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Two boys, 14, become youngest Brits to receive gastric band surgery on NHS after ballooning to 18st


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Two boys, 14, become youngest Brits to receive gastric band surgery on NHS after ballooning to 18st



By Daily Mail Reporter

Last updated at 12:01 PM on 15th February 2010




Two morbidly obese 14-year-old boys have become the youngest people in Britain to receive £7,000 gastric band surgery on the NHS.

The boys underwent the surgery after they both ballooned to more than 18st - double the average weight of boys their age.

The surgery, in which an inflatable silicone ring is fitted around the top part of the stomach to make it smaller, is extremely rare in teenagers but the pair were deemed to be 'in serious danger.'




Two teenage boys have undergone gastric band operations after they were declared morbidly obese


To qualify the boys' health had to be endangered by either heart disease, diabetes or other disorders. According to the Daily Mirror, one of them underwent the surgery in 2006 and the other last year.

The teens each had pyschological, educational and social assessments before being given the go-ahead for the operation.


Gastric banding for obese children under 18 has been available on the NHS since 2006 but only in extremely rare cases.

The Sheffield Children's NHS Foundation Trust told the Mirror: 'In Sheffield, we have a great deal of expertise. Any surgery of this kind is only carried out in extreme cases.'

Tam Fry, of the National Obesity Forum and Child Growth Foundation, said: 'It is a horrendous indictment on society that we should ever allow these children to get this fat.

'We have simply in this country failed, all of us collectively, society has failed to really understand the obesity-endemic environment we now live in.







'Why social services, why doctors, why nurses have not triggered alarm bells years ago, because this kind of thing does not happen overnight.'

"It is a great failing, the sooner we understand that, the better off the children of the future will be.'


Such surgery has a less than one per cent risk of fatality although up to 10 per cent of patients can suffer complications.

Guidelines from rationing watchdog NICE say only patients with a body mass index of greater than 40 - those who are 'morbidly obese' - or who have a BMI between 35 and 40 who have health problems such as health disease or type two diabetes should have the procedures.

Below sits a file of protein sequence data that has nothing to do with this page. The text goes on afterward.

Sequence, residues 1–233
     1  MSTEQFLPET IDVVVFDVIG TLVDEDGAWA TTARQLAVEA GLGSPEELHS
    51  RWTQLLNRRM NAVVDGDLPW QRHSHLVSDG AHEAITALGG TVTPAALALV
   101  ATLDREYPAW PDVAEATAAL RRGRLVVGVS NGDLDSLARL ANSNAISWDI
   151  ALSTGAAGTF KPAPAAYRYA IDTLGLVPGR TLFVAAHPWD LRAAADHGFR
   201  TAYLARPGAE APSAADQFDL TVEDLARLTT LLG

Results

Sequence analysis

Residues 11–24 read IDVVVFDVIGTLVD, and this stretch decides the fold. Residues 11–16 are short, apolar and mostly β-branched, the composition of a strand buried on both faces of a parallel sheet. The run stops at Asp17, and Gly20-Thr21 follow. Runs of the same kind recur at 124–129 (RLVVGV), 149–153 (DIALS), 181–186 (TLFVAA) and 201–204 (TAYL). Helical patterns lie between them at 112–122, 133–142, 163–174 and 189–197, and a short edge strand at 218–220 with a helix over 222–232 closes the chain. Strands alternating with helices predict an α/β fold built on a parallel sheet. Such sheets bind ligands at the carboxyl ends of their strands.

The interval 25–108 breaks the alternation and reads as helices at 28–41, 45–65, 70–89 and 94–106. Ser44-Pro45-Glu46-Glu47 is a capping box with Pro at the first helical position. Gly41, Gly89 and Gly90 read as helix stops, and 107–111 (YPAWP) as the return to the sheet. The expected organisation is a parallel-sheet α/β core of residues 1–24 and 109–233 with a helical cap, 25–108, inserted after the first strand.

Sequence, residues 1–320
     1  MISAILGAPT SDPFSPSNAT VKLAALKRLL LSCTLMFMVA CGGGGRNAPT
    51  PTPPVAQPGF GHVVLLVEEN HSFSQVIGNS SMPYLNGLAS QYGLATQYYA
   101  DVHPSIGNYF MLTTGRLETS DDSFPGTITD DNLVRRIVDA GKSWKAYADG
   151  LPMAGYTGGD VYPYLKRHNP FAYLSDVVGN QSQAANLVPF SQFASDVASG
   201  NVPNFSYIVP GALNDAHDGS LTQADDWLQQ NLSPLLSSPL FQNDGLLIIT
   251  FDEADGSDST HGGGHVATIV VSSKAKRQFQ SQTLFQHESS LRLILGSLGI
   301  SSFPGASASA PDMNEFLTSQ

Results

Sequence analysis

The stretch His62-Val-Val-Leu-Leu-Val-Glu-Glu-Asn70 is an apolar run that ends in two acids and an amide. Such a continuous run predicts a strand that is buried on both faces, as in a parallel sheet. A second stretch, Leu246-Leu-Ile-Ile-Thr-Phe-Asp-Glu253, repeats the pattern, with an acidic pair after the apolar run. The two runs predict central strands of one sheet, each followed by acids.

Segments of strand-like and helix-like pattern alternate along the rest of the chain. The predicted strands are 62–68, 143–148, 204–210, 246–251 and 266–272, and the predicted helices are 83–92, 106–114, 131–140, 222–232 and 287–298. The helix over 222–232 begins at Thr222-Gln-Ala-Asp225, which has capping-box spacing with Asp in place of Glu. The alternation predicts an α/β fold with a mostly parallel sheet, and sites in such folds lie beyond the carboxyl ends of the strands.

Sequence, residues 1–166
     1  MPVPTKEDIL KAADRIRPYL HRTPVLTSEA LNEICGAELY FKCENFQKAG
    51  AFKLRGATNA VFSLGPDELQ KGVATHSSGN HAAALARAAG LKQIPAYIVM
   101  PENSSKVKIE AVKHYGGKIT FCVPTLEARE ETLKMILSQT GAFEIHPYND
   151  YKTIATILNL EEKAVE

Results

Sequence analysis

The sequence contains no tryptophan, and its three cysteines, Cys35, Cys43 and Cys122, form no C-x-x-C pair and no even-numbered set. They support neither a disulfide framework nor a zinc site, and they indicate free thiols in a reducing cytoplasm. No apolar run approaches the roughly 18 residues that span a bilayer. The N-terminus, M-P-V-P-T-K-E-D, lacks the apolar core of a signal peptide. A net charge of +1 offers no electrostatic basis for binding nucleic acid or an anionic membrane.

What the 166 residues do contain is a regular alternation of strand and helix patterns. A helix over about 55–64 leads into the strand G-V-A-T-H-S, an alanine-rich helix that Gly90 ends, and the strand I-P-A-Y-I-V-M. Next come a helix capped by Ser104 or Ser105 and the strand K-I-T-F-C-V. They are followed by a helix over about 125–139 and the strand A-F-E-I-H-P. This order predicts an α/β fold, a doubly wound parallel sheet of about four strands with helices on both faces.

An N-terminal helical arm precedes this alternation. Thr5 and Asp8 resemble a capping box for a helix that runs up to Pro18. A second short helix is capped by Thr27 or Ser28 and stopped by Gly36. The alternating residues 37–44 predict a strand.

Mr Fry said: 'It is something which is certainly not desirable but in some instances where life is threatened by the size of the child then this kind of surgery is appropriate.'

article-1251052-084CCF61000005DC-619_233x423.jpg 'Last resort': Mr Fry said there were many issues surrounding gastric band surgery for under-18s


'Clearly, if it was life-threatening then that's what the doctors thought would be necessary. It is absolutely a last resort.'

He also said it could be difficult for children to understand the changes they must make following such surgery.

'It's not just a question of an operation, it's an operation followed by years and years of careful eating, coming to terms with just controlling yourself which of course for adults is perhaps not such a difficulty,' he said.


'They will be looking at a lifestyle which is much less indulgent than they have been used to. They will have to be taking much greater care of themselves than your average child.'


The revelation comes days after new figures showed the number of 'super-obese' people having stomach-stapling surgery had jumped by more than half.


The same figures showed the number of people being admitted to hospital for being grossly obese shot up by almost 60 per cent in a year and eightfold in a decade.

The latest figures from the NHS Information Centre suggest that government efforts to tackle the problem are failing - and that the obesity time-bomb may have an even shorter fuse than thought.

They show there were 5,020 admissions in England with a primary diagnosis of obesity in 2007/08 - but this rose to 7,990 in 2008/09, a rise of 59 per cent.


Another set of figures out today showed people in the East Midlands are the fattest in the UK, with an average body mass index of 28.9.


Scotland has the next highest average BMI level of 28.4, followed by the West Midlands with 28.1, weight-loss organisation Slimming World said.


London was found to have the lowest BMI - which is based on a weight to height ratio, but can exaggerate the degree to which a person is overweight if they have a high muscle mass.


The figures showed that average BMI across the UK is in the 'overweight' category.


Healthy BMI is classed as 18.5 to 24.9, but a level measured between 25 and 29.9 means a person is regarded as overweight.

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